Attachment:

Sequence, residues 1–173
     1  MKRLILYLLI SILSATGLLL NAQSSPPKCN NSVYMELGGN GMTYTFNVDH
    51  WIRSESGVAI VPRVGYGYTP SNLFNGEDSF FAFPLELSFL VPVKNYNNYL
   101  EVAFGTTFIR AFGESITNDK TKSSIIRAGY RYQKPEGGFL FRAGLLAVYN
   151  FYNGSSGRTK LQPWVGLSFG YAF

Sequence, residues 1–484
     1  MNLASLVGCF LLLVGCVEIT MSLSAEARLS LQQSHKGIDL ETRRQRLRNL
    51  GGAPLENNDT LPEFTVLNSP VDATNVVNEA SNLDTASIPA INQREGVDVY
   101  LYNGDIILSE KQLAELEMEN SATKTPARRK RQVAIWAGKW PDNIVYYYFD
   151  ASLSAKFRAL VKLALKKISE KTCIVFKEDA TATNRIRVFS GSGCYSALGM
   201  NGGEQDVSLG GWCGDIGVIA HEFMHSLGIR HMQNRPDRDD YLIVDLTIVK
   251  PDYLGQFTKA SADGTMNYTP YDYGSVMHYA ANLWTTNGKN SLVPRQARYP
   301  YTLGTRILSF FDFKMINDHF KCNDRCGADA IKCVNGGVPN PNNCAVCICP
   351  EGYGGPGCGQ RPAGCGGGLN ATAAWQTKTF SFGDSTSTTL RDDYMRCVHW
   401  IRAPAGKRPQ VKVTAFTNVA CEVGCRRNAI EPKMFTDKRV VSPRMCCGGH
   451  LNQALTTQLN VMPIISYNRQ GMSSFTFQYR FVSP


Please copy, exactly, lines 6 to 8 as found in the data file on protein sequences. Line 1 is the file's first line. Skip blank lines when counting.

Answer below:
Sequence, residues 1–484
     1  MNLASLVGCF LLLVGCVEIT MSLSAEARLS LQQSHKGIDL ETRRQRLRNL
    51  GGAPLENNDT LPEFTVLNSP VDATNVVNEA SNLDTASIPA INQREGVDVY